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17 December 2012 @ 08:46 pm

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28 August 2016 @ 03:01 pm

Originally published at InsanitySandwich.com. You can comment here or there.

I cleverly smashed the screen on my phone last week, which you’d think would have given me more time to read, or even to catch up on blog comments, but… nope!


To Hold The Bridge - Garth NixTo Hold The Bridge – Garth Nix.

As befits a short story collection, this had ups and downs.  The opening story, ‘To Hold The Bridge’, was set in the world of the Abhorsen books and was a brilliant look at a world we’re familiar with, but from a completely different perspective than usual.  I’d read a full book about Morghan, if Nix cared to write one.  I’d also love a full book based on ‘A Handful of Ashes’, a complex story about a college for witches.  A low point for me was the sci-fi section, which had an overly long John Carter of Mars companion story, and was a bit more steampunk overall than I like my sci-fi to be.  I also struggled with some of the more adult short stories, not because they were bad, but because it was too much of a jump for me to go from ‘To Hold The Bridge’ to a story where people are swearing.  I have nothing against swearing in books, but here it felt out of place.  Something else that surprised me were the stories involving characters created by other writers – there’s the aforementioned John Carter of Mars story, but there’s also a (sort of) Sherlock Holmes one, and a Hellboy one.  To balance that, there are stories based on Nix’s own other works – the aforementioned Abhorsen story, as well as a Shade’s Children one, and one set in the A Confusion of Princes universe.  So, some good stories, some not so good, but definitely worth picking up.


To the Bright Edge of the World - Eowyn IveyTo the Bright Edge of the World – Eowyn Ivey.

It’s hard to know what to say about this book.  It’s gorgeous.  Wonderfully, beautifully, gorgeous.  Through a series of diary entries, letters and photographs, we follow Colonel Allen Forrester’s journey through an Alaska unexplored by white Westerners.  We also follow his wife, Sophie, left behind in Vancouver.  Interspersed with this is the modern day communication between Colonel Forrester’s great-nephew and a museum curator.  This book questions what it takes to belong to a place, it looks at ideas of identity, and it is suffused with love.  Alaska, as it so often is in literature, is a character rather than a backdrop.  It is mysterious, challenging and awe-inspiringly beautiful.  Colonel Forrester is upright, determined and open to the strangeness he encounters.  Sophie is bold and inspiring, uncertain, but unafraid to forge her own path.  The love between the two of them colours the whole book, and manages to avoid even a hint of the saccharine.  The modern story takes in so much, in a relatively small amount of text – what does it mean to be a native Alaskan?, when are you too old to follow your dreams?, and how much information is too much information to share with a relative stranger when you’re gay?  There are so many massive ideas contained in this book, and they are all explored with a lightness that takes real skill.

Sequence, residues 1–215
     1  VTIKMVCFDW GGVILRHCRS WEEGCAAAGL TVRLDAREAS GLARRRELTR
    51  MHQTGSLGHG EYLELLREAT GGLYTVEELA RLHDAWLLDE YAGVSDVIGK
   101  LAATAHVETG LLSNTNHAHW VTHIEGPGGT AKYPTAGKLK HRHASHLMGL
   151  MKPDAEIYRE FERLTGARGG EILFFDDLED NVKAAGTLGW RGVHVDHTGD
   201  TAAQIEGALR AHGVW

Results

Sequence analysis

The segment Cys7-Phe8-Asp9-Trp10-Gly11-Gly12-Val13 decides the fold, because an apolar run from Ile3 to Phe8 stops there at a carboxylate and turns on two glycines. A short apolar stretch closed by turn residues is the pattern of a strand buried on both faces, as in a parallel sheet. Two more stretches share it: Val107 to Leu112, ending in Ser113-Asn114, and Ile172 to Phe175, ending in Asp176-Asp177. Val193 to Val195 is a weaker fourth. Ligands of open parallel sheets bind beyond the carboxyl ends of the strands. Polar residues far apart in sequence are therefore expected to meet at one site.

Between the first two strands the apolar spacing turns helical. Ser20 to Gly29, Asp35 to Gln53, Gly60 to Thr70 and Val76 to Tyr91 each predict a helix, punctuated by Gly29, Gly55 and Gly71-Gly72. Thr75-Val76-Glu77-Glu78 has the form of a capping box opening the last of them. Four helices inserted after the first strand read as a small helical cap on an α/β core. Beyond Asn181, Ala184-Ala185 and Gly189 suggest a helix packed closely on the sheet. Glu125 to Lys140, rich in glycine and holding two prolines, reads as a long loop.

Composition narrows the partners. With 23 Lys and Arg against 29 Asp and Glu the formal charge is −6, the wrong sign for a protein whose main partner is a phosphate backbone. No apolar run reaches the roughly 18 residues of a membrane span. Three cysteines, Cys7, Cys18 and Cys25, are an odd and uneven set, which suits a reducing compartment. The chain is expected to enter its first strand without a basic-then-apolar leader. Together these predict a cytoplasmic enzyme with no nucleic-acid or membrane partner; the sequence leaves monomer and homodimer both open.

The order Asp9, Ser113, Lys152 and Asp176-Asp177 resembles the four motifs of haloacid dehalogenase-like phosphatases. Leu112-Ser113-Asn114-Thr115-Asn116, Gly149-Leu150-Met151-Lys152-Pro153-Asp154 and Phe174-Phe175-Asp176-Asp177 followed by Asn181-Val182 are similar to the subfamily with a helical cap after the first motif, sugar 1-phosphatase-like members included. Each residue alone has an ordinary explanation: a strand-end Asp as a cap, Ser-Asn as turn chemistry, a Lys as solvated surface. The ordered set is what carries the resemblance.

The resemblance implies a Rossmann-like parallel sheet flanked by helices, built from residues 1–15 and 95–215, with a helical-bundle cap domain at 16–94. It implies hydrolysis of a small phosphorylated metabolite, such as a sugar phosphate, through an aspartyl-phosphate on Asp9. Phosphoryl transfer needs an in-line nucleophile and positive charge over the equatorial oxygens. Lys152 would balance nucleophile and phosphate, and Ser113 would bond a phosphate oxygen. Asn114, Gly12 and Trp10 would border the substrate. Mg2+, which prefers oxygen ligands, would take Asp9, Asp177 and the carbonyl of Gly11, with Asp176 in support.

21 August 2016 @ 06:25 pm

Originally published at InsanitySandwich.com. You can comment here or there.

For some reason, I felt like I hadn’t read a lot this week, but my Goodreads account assures me that I read 3 books and 4 graphic novels.  And I’m 412 pages into To Hold the Bridge by Garth Nix.  So it looks like I can’t be trusted to self-assess my reading achievements at all…


Darkmere - Helen MaslinDarkmere – Helen Maslin.

I came across this on Instagram and it sounded like a modern Gothic horror, which I was all for.  Unfortunately, it just didn’t work for me.  Kate is invited to an isolated house/castle by the most popular (and rich) boy at her school (is this really a British thing?  It seems so much more American to have a character who’s the most popular boy at school.  I went to an all-girls school though, so what do I know?).  In tandem with her story, we read the story of Elinor, the original mistress of Darkmere.  Kate’s story is… well, it wasn’t for me.  It’s boring, is my biggest problem with it, and cliched.  The rich kids at school love to party, and Kate is desperate to fit in.  You see pretty much every plot point coming from a mile away.  Elinor’s story is much more interesting, and is pretty much the only part of the book that manages to achieve anything approaching a Gothic horror feel.  I would have much preferred an expanded version of Elinor’s story, with the modern elements ditched altogether.


Descender, Volume 2: Machine Moon - Jeff Lemire & Dustin Nguyen


Descender, Volume 2: Machine Moon – Jeff Lemire & Dustin Nguyen.

TIM-21 is taken to the secret base of the surviving robots, and gets to know TIM-22, and we get to meet Andy, TIM-21’s ‘brother’.  I am loving this title and strongly recommend it to pretty much everyone.  The sci-fi element is solid, the story is complex and touching, and the artwork is absolutely beautiful.  Read it, read it now!